The risk of motor vehicle crashes is higher among teenagers between 16-19 years than among any other age group, according to the Centers for Disease Control and Prevention (CDC). Per mile driven, teens in this age group are nearly three times more likely than drivers aged 20 and older to be in a fatal crash.
In August 2020, for example, a 17-year-old was killed and two other people injured in a two-vehicle crash in Bedford County. Police stated the teen was driving north on State Route 66 and swerved to avoid debris on the road, lost control, and was struck by another car traveling southbound. The teen was pronounced dead at the scene.
These sorts of tragedies are heartbreaking and in most cases, avoidable. Parents who are well-informed about teens and driving can put safeguards into place to help protect their children.
Teens Have Different Brains Than Adults
The National Highway Traffic Safety Administration (NHTSA) reminds parents that teens aren’t ready to have the same level of driving responsibility as adults because they lack experience, skills, and maturity. “They speed,” the administration states on its website, “they make mistakes, and they get distracted easily—especially if their friends are in the car.”
Research shows that the adolescent brain continues to develop and mature well into the 20s. Until then, teen brains operate differently from adult brains. Whereas adults think with the prefrontal cortex—the rational part of the brain—teens often process information with the amygdala, the emotional part of the brain that is also associated with impulses and aggression.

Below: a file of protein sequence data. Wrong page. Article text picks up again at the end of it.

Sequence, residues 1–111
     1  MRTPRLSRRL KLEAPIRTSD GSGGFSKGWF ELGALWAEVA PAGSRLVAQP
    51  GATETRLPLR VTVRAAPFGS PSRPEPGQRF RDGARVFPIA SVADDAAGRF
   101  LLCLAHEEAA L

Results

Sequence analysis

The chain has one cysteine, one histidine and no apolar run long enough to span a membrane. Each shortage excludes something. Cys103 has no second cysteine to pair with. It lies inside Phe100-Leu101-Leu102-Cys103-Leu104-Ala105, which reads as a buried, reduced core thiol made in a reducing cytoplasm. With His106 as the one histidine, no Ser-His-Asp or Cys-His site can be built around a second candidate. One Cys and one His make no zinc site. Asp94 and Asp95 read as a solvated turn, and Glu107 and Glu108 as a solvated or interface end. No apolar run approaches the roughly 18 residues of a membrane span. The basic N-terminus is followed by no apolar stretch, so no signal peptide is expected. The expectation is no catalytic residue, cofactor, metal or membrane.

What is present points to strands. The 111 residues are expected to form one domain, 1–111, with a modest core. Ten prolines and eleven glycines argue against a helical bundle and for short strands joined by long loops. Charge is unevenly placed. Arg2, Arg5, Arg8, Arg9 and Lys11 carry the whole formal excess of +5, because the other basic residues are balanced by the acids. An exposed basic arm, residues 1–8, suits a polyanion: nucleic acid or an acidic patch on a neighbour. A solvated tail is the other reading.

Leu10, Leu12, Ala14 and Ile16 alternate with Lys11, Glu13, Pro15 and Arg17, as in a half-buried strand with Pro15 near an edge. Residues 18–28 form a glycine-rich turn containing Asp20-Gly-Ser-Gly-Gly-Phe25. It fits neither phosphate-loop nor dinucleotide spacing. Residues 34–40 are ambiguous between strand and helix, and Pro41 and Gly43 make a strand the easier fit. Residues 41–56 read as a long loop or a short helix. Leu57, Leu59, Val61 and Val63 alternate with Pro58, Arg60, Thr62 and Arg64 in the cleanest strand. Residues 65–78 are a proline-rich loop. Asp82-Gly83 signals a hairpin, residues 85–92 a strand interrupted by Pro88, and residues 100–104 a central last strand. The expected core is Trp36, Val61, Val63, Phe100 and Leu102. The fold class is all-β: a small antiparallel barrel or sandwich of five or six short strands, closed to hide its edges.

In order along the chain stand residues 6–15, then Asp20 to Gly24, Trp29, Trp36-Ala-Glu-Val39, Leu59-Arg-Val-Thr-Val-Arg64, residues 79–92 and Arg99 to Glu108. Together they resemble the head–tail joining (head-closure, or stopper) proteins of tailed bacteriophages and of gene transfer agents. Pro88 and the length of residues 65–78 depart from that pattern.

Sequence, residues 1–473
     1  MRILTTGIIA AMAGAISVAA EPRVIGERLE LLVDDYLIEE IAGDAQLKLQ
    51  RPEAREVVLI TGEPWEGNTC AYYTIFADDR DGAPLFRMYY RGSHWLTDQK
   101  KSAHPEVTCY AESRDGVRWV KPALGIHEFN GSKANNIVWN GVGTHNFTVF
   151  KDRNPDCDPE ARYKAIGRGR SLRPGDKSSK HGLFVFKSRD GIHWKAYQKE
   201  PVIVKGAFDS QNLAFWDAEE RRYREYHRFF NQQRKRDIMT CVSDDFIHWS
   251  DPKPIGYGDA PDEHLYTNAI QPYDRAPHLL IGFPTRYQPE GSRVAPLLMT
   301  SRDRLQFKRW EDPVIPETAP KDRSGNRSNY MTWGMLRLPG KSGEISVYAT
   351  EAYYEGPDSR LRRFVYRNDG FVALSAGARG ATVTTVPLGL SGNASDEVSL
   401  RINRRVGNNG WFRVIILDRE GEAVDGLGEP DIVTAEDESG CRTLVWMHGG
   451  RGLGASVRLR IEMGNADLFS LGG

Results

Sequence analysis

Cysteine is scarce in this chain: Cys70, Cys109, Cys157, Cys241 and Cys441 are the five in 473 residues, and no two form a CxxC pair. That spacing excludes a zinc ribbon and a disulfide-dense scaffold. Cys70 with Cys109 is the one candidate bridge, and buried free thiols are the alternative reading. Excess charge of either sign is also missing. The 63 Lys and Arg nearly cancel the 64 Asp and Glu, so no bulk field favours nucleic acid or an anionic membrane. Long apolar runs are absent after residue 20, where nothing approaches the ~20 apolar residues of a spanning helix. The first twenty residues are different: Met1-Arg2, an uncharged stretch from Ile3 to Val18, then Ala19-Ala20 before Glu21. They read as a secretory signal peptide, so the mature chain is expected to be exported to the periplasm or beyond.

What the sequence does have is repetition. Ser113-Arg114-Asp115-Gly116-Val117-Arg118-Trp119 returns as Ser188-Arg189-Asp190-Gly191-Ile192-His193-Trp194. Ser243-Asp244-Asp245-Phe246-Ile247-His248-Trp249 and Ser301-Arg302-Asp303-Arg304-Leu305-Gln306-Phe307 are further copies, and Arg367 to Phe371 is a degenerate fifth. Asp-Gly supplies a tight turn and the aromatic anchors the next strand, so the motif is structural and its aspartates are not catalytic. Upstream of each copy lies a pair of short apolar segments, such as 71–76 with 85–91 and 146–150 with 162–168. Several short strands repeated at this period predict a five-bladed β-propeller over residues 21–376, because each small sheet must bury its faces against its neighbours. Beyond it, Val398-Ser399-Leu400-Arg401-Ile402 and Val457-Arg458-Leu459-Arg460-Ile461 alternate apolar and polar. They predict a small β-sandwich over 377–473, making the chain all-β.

The pre-frontal cortex is one of the last brain regions to mature. It is responsible for skills like planning, prioritizing, and controlling impulses. Because a teenager is still developing these skills, they’re more likely to engage in risky behaviors than adults and struggle to consider the consequences of their actions.
How Parents Can Help Keep Teens Safe Behind the Wheel
Considering what we know about teen brain development, it makes sense for parents to put into place some additional safeguards for their teen children. Some recommendations are below.
- Set a good example. Always use your seatbelt and drive safely. Even if you think your kids don’t pay attention, they do.
- Make an agreement with your teen. Set down on paper your rules, expectations, and limits when it comes to your teen’s driving. Work together to create consequences for breaking the rules. Sign the agreement and put it somewhere visible, such as on the refrigerator. Find a sample agreement at the CDC’s website.
- Help your teen gain experience. Help your teen get into a driver’s education program. Then drive with your teen frequently under various driving conditions to allow him or her to practice. The more experience your teen gets the better driver he or she will be.
- Stop the distraction. Insist on installing a driving app on your teen’s phone that prevents him or her from interacting with it while driving. Add rules to your agreement about putting the phone away when driving.
- Ensure safety. Make sure the vehicle your teen is driving has the appropriate seatbelts and airbags and that all of these are in good working order. (Check your vehicle for any possible airbag recalls at the NHTSA’s website.
Meanwhile, you may want to support any efforts in your state to create graduated licensing laws. These use a multi-tiered licensing system to ease teens into the responsibilities of driving. They usually begin with a learner’s permit, then progress to an intermediate license with limitations, and finally an unrestricted license. The NHTSA recommends these types of programs as they can help reduce accidents and prevent teen injury and death.
Exclusively focused on representing plaintiffs, especially in mass tort litigation, Eric Chaffin prides himself on providing unsurpassed professional legal services in pursuit of the specific goals of his clients and their families. Both his work and his cases have been featured in the national press, including on ABC’s Good Morning America.